June 14, 2008

"But I can't think of any time in my life when I've felt so awful about the death of a single individual I've never met."

Jac has a nice, long post explaining why Tim Russert meant so much to him.
I ... had to watch ["Meet the Press"]. Every Sunday. He just made the news seem so much more serious, even momentous, than anyone else did.

Above all, he forced our leaders to explain themselves -- to answer the tough questions that everyone was raising about them.

And he did this with everyone, never seeming to discriminate based on party or ideology. I remember when John Edwards had a disastrous performance on Meet the Press in the 2004 race -- many commentators saw it as a major obstacle to him in trying to win the Democratic nomination. And I remember seeing him interview John McCain back in 2006, when he was just a "probable presidential candidate" .... Without being unfair, and even though he gave McCain ample time to defend himself, Russert left no doubt that McCain had shifted far to the right of his maverick/centrist past in preparation for the Republican primaries. At the end of the interview, McCain acknowledged his discomfort: "I haven’t had so much fun since my last interrogation."
Much more at the link.


rhhardin said...

I can see from the link that I would have to be much different from the way I am, to care about Tim Russert.

It's not just a matter of a close call.

It's nice he's skeptical about celebrity death bathos, but I don't see the exception.

rhhardin said...

Above all, he forced our leaders to explain themselves -- to answer the tough questions that everyone was raising about them.

The leaders are forced to speak soap opera because of the media, and them because of their moron audience.

Otherwise there would be no need for the Russert-style tough question, which typically just introduces another soap opera line.

Ridicule of the media audience is necessary. That's what should replace Meet the Press.

Den Beste had the best war analysis I've seen, here.

More links from this page.

Is there an audience for that story line rather than soap opera? Probably not.

Nobody gets credit for asking Den Beste tough questions, because there's no room left for tough questions. The whole thing is tough questions.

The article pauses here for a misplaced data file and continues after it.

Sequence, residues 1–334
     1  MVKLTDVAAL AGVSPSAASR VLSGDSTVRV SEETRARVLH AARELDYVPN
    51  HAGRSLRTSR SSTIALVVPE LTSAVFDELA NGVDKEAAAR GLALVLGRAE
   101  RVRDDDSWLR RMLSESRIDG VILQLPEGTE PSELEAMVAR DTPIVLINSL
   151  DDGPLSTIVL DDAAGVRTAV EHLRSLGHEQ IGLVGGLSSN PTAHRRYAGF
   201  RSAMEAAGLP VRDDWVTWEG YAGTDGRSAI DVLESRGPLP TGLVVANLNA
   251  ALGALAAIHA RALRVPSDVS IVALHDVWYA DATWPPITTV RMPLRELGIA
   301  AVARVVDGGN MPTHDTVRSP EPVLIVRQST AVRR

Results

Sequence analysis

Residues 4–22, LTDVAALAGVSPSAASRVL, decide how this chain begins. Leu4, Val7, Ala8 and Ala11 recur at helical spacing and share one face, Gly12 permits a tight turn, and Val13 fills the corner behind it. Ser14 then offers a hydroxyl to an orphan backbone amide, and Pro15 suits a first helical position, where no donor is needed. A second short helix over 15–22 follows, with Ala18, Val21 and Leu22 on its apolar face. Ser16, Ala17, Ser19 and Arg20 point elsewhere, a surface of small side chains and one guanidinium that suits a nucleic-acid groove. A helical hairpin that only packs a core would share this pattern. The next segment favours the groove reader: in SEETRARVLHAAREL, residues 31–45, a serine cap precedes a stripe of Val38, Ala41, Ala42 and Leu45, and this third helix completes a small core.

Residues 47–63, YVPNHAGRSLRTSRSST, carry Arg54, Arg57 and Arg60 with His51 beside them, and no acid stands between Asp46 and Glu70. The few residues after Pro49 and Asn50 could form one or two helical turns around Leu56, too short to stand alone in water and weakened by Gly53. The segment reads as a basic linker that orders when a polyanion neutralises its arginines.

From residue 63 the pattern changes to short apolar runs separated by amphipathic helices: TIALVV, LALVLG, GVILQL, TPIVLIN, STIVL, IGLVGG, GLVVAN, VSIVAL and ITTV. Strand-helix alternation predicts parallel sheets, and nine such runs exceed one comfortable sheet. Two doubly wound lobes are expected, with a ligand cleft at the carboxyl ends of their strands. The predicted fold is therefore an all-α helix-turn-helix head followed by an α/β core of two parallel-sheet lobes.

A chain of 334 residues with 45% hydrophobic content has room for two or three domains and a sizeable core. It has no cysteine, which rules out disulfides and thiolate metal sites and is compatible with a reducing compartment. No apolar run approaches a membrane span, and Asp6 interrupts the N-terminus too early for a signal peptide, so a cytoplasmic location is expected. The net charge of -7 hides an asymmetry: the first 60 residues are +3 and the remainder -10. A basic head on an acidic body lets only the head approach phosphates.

His audience is not the media's.

rhhardin said...

Put it this way: the tough question proves it's soap opera.

Ritmo Re-Animated said...

I think this nails exactly why I'm having a hard time understanding the extraordinary degree of personalization of Russert's death, rh - his craft was ultimately about political journalism as a soap opera, and the pinnacle of it at the highest levels, no less. Others have engaged political journalism as soap opera, but with a heavy dose of satire, irony or irreverence thrown in - never with the sense of seriousness that Russert's presence was somehow supposed to impart to it.

Are people seriously this starved for the televised presence of a nice, congenial bloke in their lives to help cope with and make sense of the events of the day? Wilson was at least as kind and ten times as wise, but knew better than to engage in the folly of imparting gravitas on to the artificially high and mighty. Maybe the difference has something to do with Wilson always being behind a fence and never going out of his way to show off his beer-drinking, sports-team-loving "credentials".

Jake said...

NBC News has no one who can replace Tim Russert. Although it makes no difference as NBC News' audience is infintestimal.

KLDAVIS said...
This comment has been removed by the author.
KLDAVIS said...

I am upset about Phil Hartman's death to this day...I was 17 years old, and at the time all I knew was that I'd never see Lionel Hutz on The Simpsons again. In college, the depth of his comedic genius became apparent, and the feeling of loss grew.

Ritmo Re-Animated said...

Jake, I honestly don't think it's that hard to find someone civil. What's hard is finding someone who can remain civil while furthering a dysfunctional political dialectic, and pull that off as if it were deserving of some kind of accolade. This is in no small measure an important reason for why the audiences of NBC, CBS, etc., have become infinitesimally small.